Chinese State Security Law forces companies based in the country to “provide assistance with work relating to state security,” a senior Huawei official in Brussels has said, adding however that the company “has never been requested to implement backdoors in its equipment.”
“It is true that Article 77 of the State Security Law sets out an obligation on organisations and individuals to provide assistance with work relating to State Security,” Sophie Batas, director for cybersecurity and data privacy at Huawei Europe told a Brussels event on Thursday (11 April).
However, Batas went on to defend Huawei’s position in the legal framework of Article 77, clarifying that the rules “cannot violate the laws of other countries” and that the law “does not permit the Chinese government to request manufacturers to implement backdoors” in products.
The legislation has long been a source of angst for US counterparts, with government officials citing the legislation as a reason why states shouldn’t do business with Huawei for fear of being subject to cyberespionage campaigns.
Batas said that as a result of the issues raised, the company has looked at the law in detail, adding that Huawei had faced “massive pressure” from the US over these allegations.
In a further statement, a Huawei spokesperson told EURACTIV that the company “respects local legislation wherever we operate” and that “it is crystal clear that all companies operating in China are subject to Chinese legislation, no matter their country of origin.”
EU not so far behind China in 5G
Meanwhile, security concerns from EU member states could lead to a slowdown in China’s 5G advance, a report commissioned by the European Parliament suggests.
Published on Wednesday (10 April), the study, entitled ‘5G Deployment: State of Play in Europe, USA and Asia,’ says there are “political and economic influences on the development of China’s 5G technology that may tend to slow its advance considerably.”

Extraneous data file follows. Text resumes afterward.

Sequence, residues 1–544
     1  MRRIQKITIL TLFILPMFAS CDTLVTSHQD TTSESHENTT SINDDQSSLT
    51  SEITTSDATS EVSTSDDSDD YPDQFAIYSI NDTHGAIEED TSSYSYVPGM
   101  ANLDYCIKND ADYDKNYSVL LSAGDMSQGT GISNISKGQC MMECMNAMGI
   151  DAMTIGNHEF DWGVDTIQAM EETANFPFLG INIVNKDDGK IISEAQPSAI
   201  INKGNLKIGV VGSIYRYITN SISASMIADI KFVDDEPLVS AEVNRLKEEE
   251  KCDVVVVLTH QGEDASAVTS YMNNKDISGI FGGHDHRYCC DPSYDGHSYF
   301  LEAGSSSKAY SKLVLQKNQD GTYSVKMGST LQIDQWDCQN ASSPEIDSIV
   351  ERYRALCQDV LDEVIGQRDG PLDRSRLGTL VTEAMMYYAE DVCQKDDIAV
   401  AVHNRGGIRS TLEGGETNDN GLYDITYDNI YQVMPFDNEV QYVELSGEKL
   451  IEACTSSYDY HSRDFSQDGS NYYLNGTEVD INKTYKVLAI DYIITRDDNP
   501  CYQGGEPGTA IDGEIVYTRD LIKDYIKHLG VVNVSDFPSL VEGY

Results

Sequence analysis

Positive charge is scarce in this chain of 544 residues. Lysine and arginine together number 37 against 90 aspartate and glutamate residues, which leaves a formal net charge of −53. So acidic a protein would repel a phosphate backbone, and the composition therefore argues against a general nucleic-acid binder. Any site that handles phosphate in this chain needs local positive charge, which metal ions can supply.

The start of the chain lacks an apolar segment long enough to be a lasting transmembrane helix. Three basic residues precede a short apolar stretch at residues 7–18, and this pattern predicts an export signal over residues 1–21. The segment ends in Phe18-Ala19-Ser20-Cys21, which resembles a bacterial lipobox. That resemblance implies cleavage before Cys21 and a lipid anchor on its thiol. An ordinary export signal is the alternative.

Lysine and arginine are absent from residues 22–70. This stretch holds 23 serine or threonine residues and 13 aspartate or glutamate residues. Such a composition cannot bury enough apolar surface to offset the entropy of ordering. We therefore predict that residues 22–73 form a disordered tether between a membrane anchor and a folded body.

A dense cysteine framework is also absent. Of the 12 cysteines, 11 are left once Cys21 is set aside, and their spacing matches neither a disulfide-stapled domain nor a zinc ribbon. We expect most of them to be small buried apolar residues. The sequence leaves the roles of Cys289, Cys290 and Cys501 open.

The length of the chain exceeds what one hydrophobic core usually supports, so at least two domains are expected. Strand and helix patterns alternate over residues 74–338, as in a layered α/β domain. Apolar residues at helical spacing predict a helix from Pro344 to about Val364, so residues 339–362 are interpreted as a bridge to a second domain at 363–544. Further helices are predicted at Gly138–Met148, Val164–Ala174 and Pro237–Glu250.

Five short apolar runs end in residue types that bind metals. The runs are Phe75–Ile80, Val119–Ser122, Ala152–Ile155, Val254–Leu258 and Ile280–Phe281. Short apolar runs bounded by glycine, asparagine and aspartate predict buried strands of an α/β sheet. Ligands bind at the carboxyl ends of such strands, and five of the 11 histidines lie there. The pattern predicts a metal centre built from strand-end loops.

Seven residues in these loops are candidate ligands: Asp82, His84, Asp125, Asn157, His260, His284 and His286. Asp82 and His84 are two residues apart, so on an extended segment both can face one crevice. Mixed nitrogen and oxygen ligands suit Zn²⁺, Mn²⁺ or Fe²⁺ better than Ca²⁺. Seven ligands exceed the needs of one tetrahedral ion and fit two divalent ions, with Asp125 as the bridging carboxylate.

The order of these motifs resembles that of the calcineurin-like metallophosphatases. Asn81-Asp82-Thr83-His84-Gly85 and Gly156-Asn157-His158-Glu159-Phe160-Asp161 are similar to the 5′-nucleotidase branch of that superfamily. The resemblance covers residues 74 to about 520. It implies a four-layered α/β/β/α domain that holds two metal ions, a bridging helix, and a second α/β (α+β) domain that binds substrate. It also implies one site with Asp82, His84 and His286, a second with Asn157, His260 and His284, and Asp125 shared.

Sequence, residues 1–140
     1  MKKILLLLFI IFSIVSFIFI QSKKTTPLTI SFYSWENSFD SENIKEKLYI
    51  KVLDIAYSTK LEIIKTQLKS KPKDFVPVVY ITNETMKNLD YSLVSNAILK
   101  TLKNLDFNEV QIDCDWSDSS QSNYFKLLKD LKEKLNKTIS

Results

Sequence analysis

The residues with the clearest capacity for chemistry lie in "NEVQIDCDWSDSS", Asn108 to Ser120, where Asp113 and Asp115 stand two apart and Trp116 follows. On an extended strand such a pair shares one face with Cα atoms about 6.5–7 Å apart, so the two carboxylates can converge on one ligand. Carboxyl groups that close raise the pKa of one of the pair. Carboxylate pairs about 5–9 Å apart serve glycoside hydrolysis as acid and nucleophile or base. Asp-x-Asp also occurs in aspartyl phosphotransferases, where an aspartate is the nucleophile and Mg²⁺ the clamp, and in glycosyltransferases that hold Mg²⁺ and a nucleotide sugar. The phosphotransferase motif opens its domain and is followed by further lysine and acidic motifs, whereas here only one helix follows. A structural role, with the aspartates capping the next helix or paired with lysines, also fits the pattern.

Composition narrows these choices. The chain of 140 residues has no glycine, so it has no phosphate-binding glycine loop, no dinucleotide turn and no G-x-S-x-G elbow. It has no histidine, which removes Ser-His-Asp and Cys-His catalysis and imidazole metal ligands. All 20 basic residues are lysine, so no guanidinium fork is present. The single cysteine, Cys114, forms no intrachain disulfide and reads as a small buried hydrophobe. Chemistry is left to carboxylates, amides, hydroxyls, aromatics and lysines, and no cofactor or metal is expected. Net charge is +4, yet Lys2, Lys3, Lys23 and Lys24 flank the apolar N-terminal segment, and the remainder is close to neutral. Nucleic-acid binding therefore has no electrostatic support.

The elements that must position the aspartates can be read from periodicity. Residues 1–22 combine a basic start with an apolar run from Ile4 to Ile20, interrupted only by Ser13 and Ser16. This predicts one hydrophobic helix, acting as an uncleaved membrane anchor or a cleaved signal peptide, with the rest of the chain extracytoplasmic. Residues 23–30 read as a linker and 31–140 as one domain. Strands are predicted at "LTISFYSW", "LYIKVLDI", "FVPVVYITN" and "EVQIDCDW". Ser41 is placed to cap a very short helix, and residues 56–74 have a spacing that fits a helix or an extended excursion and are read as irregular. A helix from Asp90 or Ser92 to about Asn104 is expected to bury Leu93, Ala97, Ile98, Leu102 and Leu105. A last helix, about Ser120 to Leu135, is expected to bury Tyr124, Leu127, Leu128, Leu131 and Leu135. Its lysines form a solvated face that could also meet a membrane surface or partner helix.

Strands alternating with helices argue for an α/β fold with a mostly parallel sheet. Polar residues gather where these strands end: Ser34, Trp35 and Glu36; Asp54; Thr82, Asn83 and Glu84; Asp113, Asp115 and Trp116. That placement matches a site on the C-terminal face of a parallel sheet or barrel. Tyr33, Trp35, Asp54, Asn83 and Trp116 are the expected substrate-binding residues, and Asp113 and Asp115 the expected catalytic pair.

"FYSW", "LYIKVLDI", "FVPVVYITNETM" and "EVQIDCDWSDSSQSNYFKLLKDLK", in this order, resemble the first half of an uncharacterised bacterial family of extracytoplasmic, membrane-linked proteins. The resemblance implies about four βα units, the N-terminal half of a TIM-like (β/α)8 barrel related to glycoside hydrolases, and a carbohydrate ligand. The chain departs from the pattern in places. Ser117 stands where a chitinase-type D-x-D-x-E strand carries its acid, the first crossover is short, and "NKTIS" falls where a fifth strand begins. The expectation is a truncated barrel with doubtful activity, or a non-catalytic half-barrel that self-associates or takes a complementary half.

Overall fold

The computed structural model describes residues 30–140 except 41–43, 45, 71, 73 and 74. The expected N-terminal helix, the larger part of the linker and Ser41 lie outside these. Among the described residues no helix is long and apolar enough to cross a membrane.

Such influences, the report states, are related to the “lingering security concerns of the EU member states, principally France, Germany, the UK and Poland as well as the USA and Japan” with regards to the key 5G equipment manufacturer, Huawei.
One of the authors of the report, Simon Forge, told EURACTIV that there is an illusion that China is so far ahead of the EU in terms of 5G deployment. “China has more substantial logistical hurdles than us in Europe,” he said. “For example, their indoor coverage is very poor.”
“In addition, we have our own established industry of European 5G chipset design. The narrative that the EU is so far behind in 5G development is not as accurate as many seem to believe.”
However, the study also states that there is a difference in approach between the US and the EU with regards to the concerns surrounding Chinese 5G equipment.
While the US is concerned about the breaking of economic sanctions through the sales of equipment to Korea and Iran as well as the theft of intellectual property, the EU member states “are more worried about the insecurity aspects of its core network equipment, the radio access network and any 5G smartphones.”
Recently, Germany’s Federal Network Agency, BNetzA, established stringent security standards for 5G equipment but did not commit to excluding any particular company without sufficient evidence. BNetzA President Jochen Homann said the “requirements apply to all companies equally.”
Following the German decision, US authorities were said to be “highly satisfied” with their approach, after having previously threatened to cut intelligence sharing with German counterparts should the latter decide to collaborate with Huawei in the development of 5G.
EURACTIV caught up with the US Deputy Assistant Secretary of State for Cyber, Robert Strayer, on Wednesday (10 April) to find out why the US had changed their tune.
“Our international engagement has been very consistent,” he said. “We have encouraged countries to adopt risk-based security frameworks.”
“At this point, we’re looking for governments to adopt security standards like we’re seeing in Germany.”
Strayer added that the reasoning behind his praise for the German move was due to the fact that the country has said they will review for “secrecy of telecommunications and for data protection” and as a result, “when it’s lined up with the Chinese intelligence laws, it’s hard to see how Chinese technology would meet that standard for the protection of data.”
Huawei, meanwhile, has also been forthcoming in their praise for the German approach, which could be used as a model for other EU countries.
A spokesperson on Thursday told EURACTIV that Huawei “welcomes the stringent measures put forward by the Germans” and that the company is “not afraid of high-security benchmarks.”
[Additional reporting by Jorge Valero; Edited by Zoran Radosavljevic]